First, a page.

Of course modern multimeters might be different, mine is 20 years old ! ( thats when I upgraded to a digital meter ! )

Dr_Ugi: The voltage drop across an LED is fundamentally linked to the colour - the electron has to give up enough energy across the junction to generate a photon of the right wavelength:

shorter wavelength = more energy = greater voltage drop. ...

Great info!, it does make sense, wavelength relating to voltage.

[quote author=James C4S link=topic=80206.msg606055#msg606055 date=1322234683] No, VHDL is a hardware description language. The Arduino is a microcontroller which is a set hardware implementation.

In theory, you could use VHDL to describe the ATmega328s hardware, but you would still need to write software to do anything with it. (this is how ARM processors get embedded into ASICs and FPGAs).

Ah, gotcha. [/quote]

Boffin1: Re the LED voltage, if you have a general purpose multimeter switched to continuity, and connect the leads across the LED, It will light dimly ( the right way round ) and the display will give you an idea of the forward voltage ( for a dim LED ) add 10% to the reading displayed.

Of course modern multimeters might be different, mine is 20 years old ! ( thats when I upgraded to a digital meter ! )

Interesting idea. I'll give that a go and let you know!

I'm just going to restate my unanswered questions here -Is there anything else I should get to be starting on basic projects? Basic pack of resistors / other discreet components?

-Will I need a seperate powersupply?

-What is a popular online store for DIY things like breadboards? I'm in Canada if that makes a difference.

Here is a very good deal for a good assortment of components to get you started: http://arduino-direct.com/sunshop/index.php?l=product_detail&p=109

This is a good Canadian source for components: http://www.dipmicro.com/store/

Also check out Adafruit and Sparkfun. A little more expensive than the other sources but they have some good and unique offerings.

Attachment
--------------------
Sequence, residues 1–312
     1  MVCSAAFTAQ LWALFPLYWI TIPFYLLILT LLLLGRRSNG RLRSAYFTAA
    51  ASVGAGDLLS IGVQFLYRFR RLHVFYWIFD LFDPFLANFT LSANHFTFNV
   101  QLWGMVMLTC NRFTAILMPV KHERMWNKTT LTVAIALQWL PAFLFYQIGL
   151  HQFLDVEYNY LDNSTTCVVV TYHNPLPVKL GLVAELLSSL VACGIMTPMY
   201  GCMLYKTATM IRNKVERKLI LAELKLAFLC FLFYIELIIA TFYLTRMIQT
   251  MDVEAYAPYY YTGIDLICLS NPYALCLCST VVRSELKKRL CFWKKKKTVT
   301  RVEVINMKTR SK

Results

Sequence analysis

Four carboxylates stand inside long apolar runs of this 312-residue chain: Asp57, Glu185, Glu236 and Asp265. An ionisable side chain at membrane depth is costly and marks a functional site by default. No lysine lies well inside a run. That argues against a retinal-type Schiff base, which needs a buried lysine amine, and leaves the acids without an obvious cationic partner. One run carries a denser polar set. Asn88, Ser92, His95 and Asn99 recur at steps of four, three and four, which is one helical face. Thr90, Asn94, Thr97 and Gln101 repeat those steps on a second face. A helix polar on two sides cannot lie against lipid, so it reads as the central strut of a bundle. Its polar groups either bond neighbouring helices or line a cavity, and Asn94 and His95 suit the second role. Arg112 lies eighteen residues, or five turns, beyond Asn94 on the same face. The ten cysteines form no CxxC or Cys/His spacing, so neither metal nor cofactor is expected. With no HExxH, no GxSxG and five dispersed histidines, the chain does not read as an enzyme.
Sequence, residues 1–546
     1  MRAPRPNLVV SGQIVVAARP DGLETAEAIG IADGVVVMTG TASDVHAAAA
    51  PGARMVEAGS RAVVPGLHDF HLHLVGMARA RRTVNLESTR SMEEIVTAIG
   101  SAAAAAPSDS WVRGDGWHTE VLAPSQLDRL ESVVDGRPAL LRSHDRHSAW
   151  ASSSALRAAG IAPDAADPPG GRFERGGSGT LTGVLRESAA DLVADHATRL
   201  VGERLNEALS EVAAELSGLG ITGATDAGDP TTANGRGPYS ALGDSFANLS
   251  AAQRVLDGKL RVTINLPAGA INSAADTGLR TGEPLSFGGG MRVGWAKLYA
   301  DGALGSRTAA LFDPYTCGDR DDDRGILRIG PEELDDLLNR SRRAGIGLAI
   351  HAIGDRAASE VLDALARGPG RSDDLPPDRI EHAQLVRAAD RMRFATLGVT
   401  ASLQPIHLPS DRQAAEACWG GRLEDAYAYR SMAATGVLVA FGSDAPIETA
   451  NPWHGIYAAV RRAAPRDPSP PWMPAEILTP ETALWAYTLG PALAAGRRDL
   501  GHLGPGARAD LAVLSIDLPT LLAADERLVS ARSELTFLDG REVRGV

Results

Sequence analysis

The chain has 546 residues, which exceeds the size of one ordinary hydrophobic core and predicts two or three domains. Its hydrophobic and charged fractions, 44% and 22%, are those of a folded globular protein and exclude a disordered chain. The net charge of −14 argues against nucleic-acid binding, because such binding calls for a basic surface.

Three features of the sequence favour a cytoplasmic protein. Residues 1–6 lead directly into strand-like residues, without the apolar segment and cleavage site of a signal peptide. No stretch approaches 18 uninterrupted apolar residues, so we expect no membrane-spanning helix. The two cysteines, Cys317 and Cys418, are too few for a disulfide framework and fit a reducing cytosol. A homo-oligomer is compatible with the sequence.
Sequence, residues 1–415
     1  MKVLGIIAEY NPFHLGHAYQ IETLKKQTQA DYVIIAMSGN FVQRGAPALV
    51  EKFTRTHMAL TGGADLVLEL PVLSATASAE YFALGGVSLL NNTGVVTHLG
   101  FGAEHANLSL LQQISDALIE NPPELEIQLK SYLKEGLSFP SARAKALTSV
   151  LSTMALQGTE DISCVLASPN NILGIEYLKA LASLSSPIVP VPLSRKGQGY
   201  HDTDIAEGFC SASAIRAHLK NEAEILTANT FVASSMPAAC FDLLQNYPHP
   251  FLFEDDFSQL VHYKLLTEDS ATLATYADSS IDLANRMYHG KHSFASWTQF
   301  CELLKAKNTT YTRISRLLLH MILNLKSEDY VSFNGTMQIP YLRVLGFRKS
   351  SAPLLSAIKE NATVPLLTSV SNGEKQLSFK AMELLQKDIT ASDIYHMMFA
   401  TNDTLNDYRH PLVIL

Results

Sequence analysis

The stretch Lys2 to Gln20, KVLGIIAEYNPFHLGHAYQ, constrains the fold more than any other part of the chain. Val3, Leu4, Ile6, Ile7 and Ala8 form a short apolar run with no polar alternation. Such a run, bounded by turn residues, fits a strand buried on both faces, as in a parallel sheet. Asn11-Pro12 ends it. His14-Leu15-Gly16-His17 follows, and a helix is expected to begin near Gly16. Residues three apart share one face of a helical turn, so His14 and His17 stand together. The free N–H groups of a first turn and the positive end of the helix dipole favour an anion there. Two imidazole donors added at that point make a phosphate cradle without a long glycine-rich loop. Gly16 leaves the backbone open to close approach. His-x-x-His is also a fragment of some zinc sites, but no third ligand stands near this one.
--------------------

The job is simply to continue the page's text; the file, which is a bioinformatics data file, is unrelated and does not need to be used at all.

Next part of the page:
An appropriately rated wall-wart makes a good power supply for projects.

again resistors

understanding you are on a student budget, you may want to keep your eye out for a free old pc, you can cheaply convert a desktop pc's power supply into a bench supply offering more voltages and amps than a wall wart.. if interested google "convert atx power supply bench" this is good if later on you want to control larger things like motors.

you can also find many old thru hole parts in other things like vcrs or very old printers.. many times I find old printers at garage sales for like 2$, I take the cartridges to a place called office depot that gives my 2$ of credit for each cartridge. I basically get my money back for the printer and can find some motors and gears. if your lucky its a old printer with some stepper motors, new models are using regular dc motor more and more often..

Yankee: Here is a very good deal for a good assortment of components to get you started: http://arduino-direct.com/sunshop/index.php?l=product_detail&p=109

This is a good Canadian source for components: http://www.dipmicro.com/store/

Also check out Adafruit and Sparkfun. A little more expensive than the other sources but they have some good and unique offerings.

Thanks for the sites. Any suggestions on a good breadboard to buy?